For me, the highlight of the film is William Forsyth. Billed as “Custodian” he embodies the true essence of a grizzled retail worker unwillingly tasked with training the new kid. Sporting a ring of keys on his belt and a shotgun in his office he utters my favorite line of the film with his instructions for Jim to “clean my coffee maker and wax my desk!”
Inside this disjointed retail love story is a strand of John Hughes DNA but the outer shell is this teen sex comedy that undermines the emotional stakes and characters with guitar riffs and long shots of Jennifer Connelly’s body. Like Josie and Jim, Career Opportunities suffers from an identity crisis. This film just doesn’t know what it wants to be and that is incredibly frustrating. Coming of age story? Slapstick comedy? Sleazy romp? Sadly, the joy of watching this film lies within those who are in full nostalgia mode.
Vital Disc Stats: The Blu-ray
Career Opportunities finds its way to Region A Blu-ray thanks to Kino Lorber. Housed in a typical keepcase the disc loads to a static Main Menu screen with a giant image of Jennifer Connelly, typical navigation options, and Tiny Little Heart Attack from Money Talks playing.
Career Opportunities arrives on Blu-ray with a 2.35:1 aspect ratio in 1080p. HD image features primaries that pop. Josie’s piercing blue trench coat and Jimmy’s red Target jumpsuit stand out with bright colors. Skin tones appear a bit too pink even though red tinting appears at times making our lead actors appear to have missed a sunscreen application. Contrast levels higher than expected as well. Black levels are solid throughout the feature. Fine detail is apparent though an inconsistent softness permeates the image when in motion. While the presentation is an obvious uptick from previous home video releases there is still room for improvement. Inconsistent grain levels, specks, and occasional smoothing rob the presentation of clarity and texture.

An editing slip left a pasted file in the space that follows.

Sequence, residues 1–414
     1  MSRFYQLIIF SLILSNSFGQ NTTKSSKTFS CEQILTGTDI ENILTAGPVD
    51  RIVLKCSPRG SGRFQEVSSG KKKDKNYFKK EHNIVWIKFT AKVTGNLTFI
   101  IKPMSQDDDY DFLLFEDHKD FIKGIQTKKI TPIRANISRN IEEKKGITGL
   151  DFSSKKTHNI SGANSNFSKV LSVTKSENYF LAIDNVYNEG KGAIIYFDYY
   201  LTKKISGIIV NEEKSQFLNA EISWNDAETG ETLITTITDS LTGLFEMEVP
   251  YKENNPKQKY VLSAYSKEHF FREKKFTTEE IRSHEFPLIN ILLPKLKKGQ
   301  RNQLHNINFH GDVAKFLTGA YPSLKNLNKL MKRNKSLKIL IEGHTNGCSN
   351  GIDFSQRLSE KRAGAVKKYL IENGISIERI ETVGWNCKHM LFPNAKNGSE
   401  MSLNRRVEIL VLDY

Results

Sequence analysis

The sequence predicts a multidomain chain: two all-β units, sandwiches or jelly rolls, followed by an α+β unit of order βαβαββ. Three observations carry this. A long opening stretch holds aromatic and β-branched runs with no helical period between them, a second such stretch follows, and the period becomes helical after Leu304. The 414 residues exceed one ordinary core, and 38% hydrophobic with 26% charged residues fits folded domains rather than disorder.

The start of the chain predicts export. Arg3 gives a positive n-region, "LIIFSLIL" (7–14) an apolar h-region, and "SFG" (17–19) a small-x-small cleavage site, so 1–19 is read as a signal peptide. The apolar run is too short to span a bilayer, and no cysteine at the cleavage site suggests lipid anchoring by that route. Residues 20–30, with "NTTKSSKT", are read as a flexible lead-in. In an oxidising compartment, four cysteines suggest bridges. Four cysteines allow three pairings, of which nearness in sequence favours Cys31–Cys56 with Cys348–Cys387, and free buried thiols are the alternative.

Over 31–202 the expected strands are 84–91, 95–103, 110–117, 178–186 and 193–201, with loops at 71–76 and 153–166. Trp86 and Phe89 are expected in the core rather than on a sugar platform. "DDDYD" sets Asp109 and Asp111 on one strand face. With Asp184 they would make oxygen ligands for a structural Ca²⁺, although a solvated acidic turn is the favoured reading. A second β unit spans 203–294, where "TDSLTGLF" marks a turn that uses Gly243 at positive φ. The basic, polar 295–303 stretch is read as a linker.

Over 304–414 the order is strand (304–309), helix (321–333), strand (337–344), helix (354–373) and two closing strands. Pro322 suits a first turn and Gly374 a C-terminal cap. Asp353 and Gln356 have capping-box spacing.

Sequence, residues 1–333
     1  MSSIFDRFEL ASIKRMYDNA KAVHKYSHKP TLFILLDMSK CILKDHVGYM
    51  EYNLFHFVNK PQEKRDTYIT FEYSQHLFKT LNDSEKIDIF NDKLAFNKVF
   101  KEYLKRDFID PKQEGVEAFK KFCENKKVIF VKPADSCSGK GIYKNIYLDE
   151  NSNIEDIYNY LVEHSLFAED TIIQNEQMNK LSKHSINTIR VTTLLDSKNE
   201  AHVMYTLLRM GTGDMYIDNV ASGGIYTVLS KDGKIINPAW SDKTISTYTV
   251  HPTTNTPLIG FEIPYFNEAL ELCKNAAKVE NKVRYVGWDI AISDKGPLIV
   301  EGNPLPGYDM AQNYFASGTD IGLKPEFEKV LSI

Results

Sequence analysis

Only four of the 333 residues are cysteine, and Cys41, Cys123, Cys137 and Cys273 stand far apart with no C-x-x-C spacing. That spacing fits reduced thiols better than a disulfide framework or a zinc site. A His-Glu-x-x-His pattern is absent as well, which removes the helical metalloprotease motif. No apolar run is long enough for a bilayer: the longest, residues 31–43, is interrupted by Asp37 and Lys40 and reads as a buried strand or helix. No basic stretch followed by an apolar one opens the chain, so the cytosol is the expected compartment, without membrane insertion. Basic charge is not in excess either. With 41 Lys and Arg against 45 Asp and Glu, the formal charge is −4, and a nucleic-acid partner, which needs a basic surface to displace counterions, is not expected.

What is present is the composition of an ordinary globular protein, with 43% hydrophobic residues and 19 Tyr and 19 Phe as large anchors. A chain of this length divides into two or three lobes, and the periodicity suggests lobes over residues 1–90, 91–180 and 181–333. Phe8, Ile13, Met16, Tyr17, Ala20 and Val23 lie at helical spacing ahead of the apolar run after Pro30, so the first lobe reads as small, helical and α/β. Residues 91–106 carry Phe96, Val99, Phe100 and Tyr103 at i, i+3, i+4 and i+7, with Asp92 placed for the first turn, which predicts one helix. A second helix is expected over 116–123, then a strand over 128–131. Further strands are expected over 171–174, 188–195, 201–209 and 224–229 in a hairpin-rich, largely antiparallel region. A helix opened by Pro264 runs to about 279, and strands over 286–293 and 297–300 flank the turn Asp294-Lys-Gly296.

The DTS-HD MA 2.0 stereo track on Career Opportunities is bright and punchy but lacking a bit of support. Dialogue is clear and clean without hiss or pop detected. The music tracks burst through the sound mix transporting you back to the early 90’s with songs from Tom Newman and Money Talks. I would keep the volume level up as some dialogue exchanges are softer than expected. Overall a competent audio mix that gets the job done.
Not much here for special features save for a commentary track and some trailers.
Filled with a talented cast and beating with the heart of a John Hughes script, Career Opportunities remains an enjoyable watch now 30 years later. While too much of the film feels disjointed and unfocused there are enough touching moments to keep you engaged. Unfortunately this one fell victim to post-Home Alone syndrome.
Kino Lorber’s Blu-ray offers a satisfying A/V package that is a step up from previous home video releases. The lack of bonus features is disappointing but the commentary track is well worth your time. For fans of the film this Blu-ray comes Recommended.